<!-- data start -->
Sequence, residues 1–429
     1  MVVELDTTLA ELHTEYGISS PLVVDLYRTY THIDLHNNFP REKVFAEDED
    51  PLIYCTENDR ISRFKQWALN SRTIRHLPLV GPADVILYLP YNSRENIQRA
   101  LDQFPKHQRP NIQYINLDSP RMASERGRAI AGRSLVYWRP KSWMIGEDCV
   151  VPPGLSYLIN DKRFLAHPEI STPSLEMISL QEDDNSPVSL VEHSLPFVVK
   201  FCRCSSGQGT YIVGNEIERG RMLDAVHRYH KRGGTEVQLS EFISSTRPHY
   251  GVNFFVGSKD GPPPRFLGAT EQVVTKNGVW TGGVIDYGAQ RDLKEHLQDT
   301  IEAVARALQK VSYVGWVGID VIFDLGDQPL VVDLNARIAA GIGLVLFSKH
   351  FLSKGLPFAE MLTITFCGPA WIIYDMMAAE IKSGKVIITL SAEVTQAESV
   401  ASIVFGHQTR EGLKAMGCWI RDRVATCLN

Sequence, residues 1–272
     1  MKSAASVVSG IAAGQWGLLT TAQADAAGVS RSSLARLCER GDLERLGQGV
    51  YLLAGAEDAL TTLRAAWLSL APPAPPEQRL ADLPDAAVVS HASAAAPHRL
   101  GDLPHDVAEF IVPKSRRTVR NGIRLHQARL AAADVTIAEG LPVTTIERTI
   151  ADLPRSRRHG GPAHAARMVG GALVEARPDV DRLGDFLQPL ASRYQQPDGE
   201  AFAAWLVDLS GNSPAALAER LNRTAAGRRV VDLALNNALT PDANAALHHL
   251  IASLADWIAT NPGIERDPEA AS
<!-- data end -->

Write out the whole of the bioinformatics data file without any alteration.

Sequence, residues 1–429
     1  MVVELDTTLA ELHTEYGISS PLVVDLYRTY THIDLHNNFP REKVFAEDED
    51  PLIYCTENDR ISRFKQWALN SRTIRHLPLV GPADVILYLP YNSRENIQRA
   101  LDQFPKHQRP NIQYINLDSP RMASERGRAI AGRSLVYWRP KSWMIGEDCV
   151  VPPGLSYLIN DKRFLAHPEI STPSLEMISL QEDDNSPVSL VEHSLPFVVK
   201  FCRCSSGQGT YIVGNEIERG RMLDAVHRYH KRGGTEVQLS EFISSTRPHY
   251  GVNFFVGSKD GPPPRFLGAT EQVVTKNGVW TGGVIDYGAQ RDLKEHLQDT
   301  IEAVARALQK VSYVGWVGID VIFDLGDQPL VVDLNARIAA GIGLVLFSKH
   351  FLSKGLPFAE MLTITFCGPA WIIYDMMAAE IKSGKVIITL SAEVTQAESV
   401  ASIVFGHQTR EGLKAMGCWI RDRVATCLN

Sequence, residues 1–272
     1  MKSAASVVSG IAAGQWGLLT TAQADAAGVS RSSLARLCER GDLERLGQGV
    51  YLLAGAEDAL TTLRAAWLSL APPAPPEQRL ADLPDAAVVS HASAAAPHRL
   101  GDLPHDVAEF IVPKSRRTVR NGIRLHQARL AAADVTIAEG LPVTTIERTI
   151  ADLPRSRRHG GPAHAARMVG GALVEARPDV DRLGDFLQPL ASRYQQPDGE
   201  AFAAWLVDLS GNSPAALAER LNRTAAGRRV VDLALNNALT PDANAALHHL
   251  IASLADWIAT NPGIERDPEA AS